A “Race to the Top” Flip-Flop

The Wall Street Journal editorial page has already taken the Administration to task for backing away from some of its tougher “Race to the Top” provisions around teacher evaluations and charter schools in the program’s final application. But check out this morsel, thanks to Fordham’s ridiculously expensive but oh-so-handy subscription to Education Daily:

The department softened a proposal to use results from the National Assessment of Educational Progress to measure states’ progress over the past several years in boosting achieve­ment scores and closing achievement gaps be­tween subgroups.

The department had wanted to use NAEP data because it is a national assessment. But in the end, it bowed to complaints that the test, among other things, “may not provide accurate achievement information for students with dis­abilities and other subgroups.”

Thus, the department will now use results from state assessments in addition to NAEP to evaluate states’ efforts on this front.

Oh, that’s rich! After all, the whole “Race to the Top” lingo is in reference to the “Race to the Bottom” whereby states have rushed to set passing scores on their own tests at laughably low levels. (Though, truth be told, it turns out that it’s been more of a walk to the middle.)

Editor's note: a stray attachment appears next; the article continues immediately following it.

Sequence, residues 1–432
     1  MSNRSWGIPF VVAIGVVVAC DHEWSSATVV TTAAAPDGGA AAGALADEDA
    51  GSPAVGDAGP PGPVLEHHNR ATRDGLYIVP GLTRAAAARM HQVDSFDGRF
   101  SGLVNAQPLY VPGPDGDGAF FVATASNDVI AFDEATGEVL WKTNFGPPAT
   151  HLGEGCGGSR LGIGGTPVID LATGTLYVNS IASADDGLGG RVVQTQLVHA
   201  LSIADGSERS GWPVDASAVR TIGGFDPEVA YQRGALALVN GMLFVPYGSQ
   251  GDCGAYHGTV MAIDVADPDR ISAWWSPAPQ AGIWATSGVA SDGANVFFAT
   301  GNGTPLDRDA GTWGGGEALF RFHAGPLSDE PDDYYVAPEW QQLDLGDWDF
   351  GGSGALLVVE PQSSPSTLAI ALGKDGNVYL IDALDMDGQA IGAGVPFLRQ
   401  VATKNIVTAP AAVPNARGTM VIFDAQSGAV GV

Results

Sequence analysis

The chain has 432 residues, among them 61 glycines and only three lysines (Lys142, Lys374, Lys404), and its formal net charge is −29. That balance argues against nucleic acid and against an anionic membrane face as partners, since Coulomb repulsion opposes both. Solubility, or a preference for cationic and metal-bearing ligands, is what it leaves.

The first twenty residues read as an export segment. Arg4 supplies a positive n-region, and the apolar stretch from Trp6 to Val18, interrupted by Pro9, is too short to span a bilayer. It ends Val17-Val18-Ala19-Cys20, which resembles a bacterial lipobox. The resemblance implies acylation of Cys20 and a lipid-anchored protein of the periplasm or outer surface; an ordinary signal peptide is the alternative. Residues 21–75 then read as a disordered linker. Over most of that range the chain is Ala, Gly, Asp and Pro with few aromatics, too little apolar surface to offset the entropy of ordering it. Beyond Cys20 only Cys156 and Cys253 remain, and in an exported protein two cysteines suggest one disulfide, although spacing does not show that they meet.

Now states will be able to claim that they have “narrowed achievement gaps” when all they’ve done is make their tests so easy to pass that virtually all kids—black and white, rich and poor—do so, magically erasing any group differences.

Remember all the talk of “Moral Hazard” from a year ago? Here we go again, letting irresponsible states off the hook for, in Arne Duncan’s words, “lying” to the public about how well their students are doing. When will we ever learn?

UPDATE: Checker Finn noted to me in an email that it’s “also more than a little ironic that the Race to the Top places such heavy emphasis on states adopting COMMON standards and tests—precisely because of the failings of their own standards and tests—yet now gives them credit for “gains” on their own tests.”

Last Updated


Notify Me When Education Next

Posts a Big Story

Business + Editorial Office

Program on Education Policy and Governance
Harvard Kennedy School
79 JFK Street, Cambridge, MA 02138
Phone (617) 496-5488
Fax (617) 496-4428
Email Education_Next@hks.harvard.edu

For subscription service to the printed journal
Phone (617) 496-5488
Email subscriptions@educationnext.org

Copyright © 2024 President & Fellows of Harvard College